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United States Department of Agriculture

Agricultural Research Service

Research Project: APPLICATION OF BIOLOGICAL AND MOLECULAR TECHNIQUES TO THE DIAGNOSIS AND CONTROL OF AVIAN INFLUENZA AND OTHER EMERGING POULTRY PATHOGENS

Location: Exotic and Emerging Avian Viral Diseases Research Unit

Title: Thermal inactivation of avian viral pathogens in an effluent treatment system within a biosafety level 2 and 3 enhanced facility

Authors
item Chmielewski, Revis
item Day, James
item Spatz, Stephen
item Yu, Qingzhong
item Gast, Richard
item Zsak, Laszlo
item Swayne, David

Submitted to: Applied Biosafety
Publication Type: Peer Reviewed Journal
Publication Acceptance Date: November 9, 2011
Publication Date: December 20, 2011
Citation: Chmielewski, R.A., Day, J.M., Spatz, S.J., Yu, Q., Gast, R.K., Zsak, L., Swayne, D.E. 2011. Thermal inactivation of avian viral pathogens in an effluent treatment system within a biosafety level 2 and 3 enhanced facility. Applied Biosafety. 16(4):206-217.

Interpretive Summary: Wastewater from high and low biocontainment laboratories must have all pathogens killed in solid, liquid and aerogenous biological waste, before disposal. Wastewater (effluent) generated from these facilities included water from laboratory sink and floor drains, animal room floor drains, showers, and autoclaves. To ensure wastewater discharge is not contaminated with live microbial pathogens the effluent must be inactivated prior to release to the public sewer system. The validation process in phosphate buffer system with avian influenza, Newcastle disease virus, reovirus, rotavirus and astrovirus showed that 6.4-8.8 log10 virus/ml were inactivated at 82.2 degrees Celsius within 3 min of exposure. Enveloped and non-enveloped viruses including avian influenza (AI), avian paramyxovirus Type 1 (AMPV-1), reovirus, rotavirus, turkey astrovirus (TAstV), avian metapneumovirus (aMPV), Marek’s disease virus (MDV) and avian parvovirus (ChPV) were exposed to standard effluent decontamination (EDS) inactivation cycle of 82.2 degrees Celsius for 6 hours. The EDS heat treatment totally inactivated enveloped and non-enveloped virus with inactivation levels ranging from 5.1 to 11.1 log10 virus/ml.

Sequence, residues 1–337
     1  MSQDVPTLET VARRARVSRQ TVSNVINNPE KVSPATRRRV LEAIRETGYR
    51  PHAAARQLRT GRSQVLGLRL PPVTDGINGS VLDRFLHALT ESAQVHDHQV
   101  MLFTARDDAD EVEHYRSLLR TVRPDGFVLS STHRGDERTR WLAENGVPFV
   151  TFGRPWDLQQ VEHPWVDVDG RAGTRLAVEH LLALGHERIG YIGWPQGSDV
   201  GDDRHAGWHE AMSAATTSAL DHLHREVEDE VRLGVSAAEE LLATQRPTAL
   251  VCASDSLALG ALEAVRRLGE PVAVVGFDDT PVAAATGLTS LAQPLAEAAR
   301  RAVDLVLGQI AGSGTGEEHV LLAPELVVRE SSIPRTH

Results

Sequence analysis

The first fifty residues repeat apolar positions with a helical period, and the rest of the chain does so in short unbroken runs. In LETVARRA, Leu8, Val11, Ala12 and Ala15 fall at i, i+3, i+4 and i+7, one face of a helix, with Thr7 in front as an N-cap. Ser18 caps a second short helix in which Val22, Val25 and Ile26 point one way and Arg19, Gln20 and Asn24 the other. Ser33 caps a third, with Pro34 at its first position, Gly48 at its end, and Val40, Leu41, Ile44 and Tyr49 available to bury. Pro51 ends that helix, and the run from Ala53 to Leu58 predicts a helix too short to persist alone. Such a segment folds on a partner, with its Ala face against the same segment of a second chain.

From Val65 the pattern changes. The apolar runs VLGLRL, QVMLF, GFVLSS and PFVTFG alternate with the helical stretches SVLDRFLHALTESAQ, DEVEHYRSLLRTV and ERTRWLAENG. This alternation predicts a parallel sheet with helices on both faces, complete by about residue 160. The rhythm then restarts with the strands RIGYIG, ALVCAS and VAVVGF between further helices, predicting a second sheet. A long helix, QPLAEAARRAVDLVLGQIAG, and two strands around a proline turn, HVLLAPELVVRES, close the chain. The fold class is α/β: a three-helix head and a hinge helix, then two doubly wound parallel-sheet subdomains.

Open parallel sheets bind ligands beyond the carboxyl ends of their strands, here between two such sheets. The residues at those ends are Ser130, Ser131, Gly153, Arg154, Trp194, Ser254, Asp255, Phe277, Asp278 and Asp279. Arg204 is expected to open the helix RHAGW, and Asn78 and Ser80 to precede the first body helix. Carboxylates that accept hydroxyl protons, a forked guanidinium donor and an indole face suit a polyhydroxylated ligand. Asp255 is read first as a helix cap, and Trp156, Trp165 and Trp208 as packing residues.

Technical Abstract: Avian influenza (AI) virus, avian paramyxovirus Type 1 (APMV-1 or Newcastle disease virus [NDV]), reovirus, rotavirus, turkey astrovirus (TAstV), avian metapneumovirus (aMPV), Marek’s disease virus (MDV-1), avian parvovirus (ChPV) and Salmonella enterica serovar Enteritidis are significant biosafety level 2 (BSL-2) or biosafety level 3 enhanced (BSL-3E) pathogens of poultry that are studied in veterinary medical research laboratories worldwide. The purpose of this study was to determine the effectiveness of a moderate temperature, effluent decontamination system (EDS) to inactivate avian pathogens. First, the thermal inactivation processes for AI virus, APMV-1, reovirus and rotaviruses were determined in phosphate-buffered saline (PBS) using in-vitro assays from which thermal death rates (Dt) and changes in heat resistance (zD) of the AI virus and APMV-1 were determined at various time/temperature parameters. The PBS validation process demonstrated that 6log10 reduction was achieved following heating at 82.2 degrees Celsius within 30 sec for AI virus and APMV-1, 1.8 min for astrovirus while reo- and rotaviruses were destroyed within 3 min. Second, to determine whether pathogens were adequately inactivated in moderate temperature EDS system, vials containing avian viruses (5.1-11.1 log10 tissue culture infectious dose (TCID) 50/ml or infectious particle/ml) and bacteria (9.1 log10 cfu/ml) were placed in the effluent tank and exposed to a standard cycle of 82.2 degrees Celsius for 6 hours. The EDS process totally inactivated enveloped and non-enveloped viruses with complete inactivation of greater than 5.1 to 11.1 log10 TCID/ml of specific pathogens. The data from the inactivation models and the EDS validation test showed that the 6log10 reduction required for sanitary assurance level of effluent was achieved with a significant margin of safety.

Last Modified: 10/1/2014
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